The two busiest streets (and home to the two main business areas other than the South Shore Mall) are Park Street in the east and Webster Street in the west. Commercially, Park Street is by far the more substantial of the two. I’ve seen Park Street transformed since 1990 into a real hub of commerce, attractive enough to lure a Peet’s and Starbucks that duke it out across from each other at the same intersection. The Webster Street business district historically served the the former Alameda Naval Air Station and surrounding neighborhoods. It was somewhat seedy and then when the base closed in the 90s it really suffered. However a recent street makeover and many new businesses portend a vibrant future.

Park and Webster run more or less north to south. The east-west arterials are Encinal, Santa Clara and Central but none of these are the churning, fast traffic nightmares you’ll find in adjacent Oakland or for that matter in Chico (Mangrove, Nord, Cohasset, East, etc.) This is attributable to Alameda’s good fortune in not being a place you drive through to get somewhere else. That means no freeways or any other true highways that cut through the island. Yet even with traffic moving at a normal pace, the savvy Oaklander knows that sometimes a trip to the Oakland Airport is easier via Alameda when 880 is a parking lot.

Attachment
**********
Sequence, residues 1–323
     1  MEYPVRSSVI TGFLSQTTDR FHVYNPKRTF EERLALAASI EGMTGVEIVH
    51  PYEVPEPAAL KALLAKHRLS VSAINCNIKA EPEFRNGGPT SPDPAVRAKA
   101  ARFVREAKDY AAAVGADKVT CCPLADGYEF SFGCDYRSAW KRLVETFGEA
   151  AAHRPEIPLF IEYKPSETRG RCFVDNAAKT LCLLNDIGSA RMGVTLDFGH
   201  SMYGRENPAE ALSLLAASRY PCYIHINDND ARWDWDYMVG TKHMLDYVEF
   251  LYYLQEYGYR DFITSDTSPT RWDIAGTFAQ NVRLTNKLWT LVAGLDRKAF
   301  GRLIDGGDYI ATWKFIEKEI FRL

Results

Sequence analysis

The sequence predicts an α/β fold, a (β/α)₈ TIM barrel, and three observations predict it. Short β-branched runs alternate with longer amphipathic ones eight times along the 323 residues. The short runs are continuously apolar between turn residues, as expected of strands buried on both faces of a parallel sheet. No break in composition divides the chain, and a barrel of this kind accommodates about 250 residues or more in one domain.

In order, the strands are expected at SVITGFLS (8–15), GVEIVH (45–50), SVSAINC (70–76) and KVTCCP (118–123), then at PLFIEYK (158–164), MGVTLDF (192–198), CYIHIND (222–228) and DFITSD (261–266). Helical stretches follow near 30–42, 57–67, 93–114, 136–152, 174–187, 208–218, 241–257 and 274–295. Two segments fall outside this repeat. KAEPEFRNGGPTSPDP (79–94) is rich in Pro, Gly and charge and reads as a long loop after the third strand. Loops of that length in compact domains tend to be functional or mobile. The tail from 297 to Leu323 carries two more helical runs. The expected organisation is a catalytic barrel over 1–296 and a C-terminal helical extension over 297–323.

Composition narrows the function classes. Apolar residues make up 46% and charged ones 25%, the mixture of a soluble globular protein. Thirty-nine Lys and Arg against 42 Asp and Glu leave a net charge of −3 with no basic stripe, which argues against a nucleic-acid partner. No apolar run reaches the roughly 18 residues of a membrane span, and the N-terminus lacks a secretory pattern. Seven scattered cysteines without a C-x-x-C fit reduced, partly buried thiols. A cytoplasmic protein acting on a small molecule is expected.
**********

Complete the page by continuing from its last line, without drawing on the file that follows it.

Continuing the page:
Did I mention how great the weather is here? The East Bay has superb weather pretty much anytime and Alameda in summer is a couple of degrees cooler than Oakland owing to its location right on the bay.

Do you like architecture? Do you enjoy roaming around looking at old houses and neighborhoods in the context of a very much alive and working city? If yes, then you will love Alameda. I’m going to close with pictures which provide a taste of the terrific array of building styles you can see when you pay Alameda a visit. I repeat that Alameda is very easy to explore whether on foot, on a bike, in a car, on a bus or some combination of all modes.

Part 2 about the west end of the island and the former Alameda Naval Air Station will come in a few days.



































CRAFTSMAN (right next door to the Victorian above)





























































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2 Responses to Destinations – Alameda, Part 1

  1. Jack says:

    I have been to Alamenda…Alameda naval air station that is. Have many good memories from there. It’s only been about 25 years, maybe its about time to return before I croak? Thanks for the encouragement.

  2. Carolyn says:

    Thank you for the great article and pictures of Alameda, it brought back some fond memories, picnics on Crown beach, the kids learning to ride bikes at Otis school, walking the shore line; I can smell the salt air! It would be a place I would choose to live.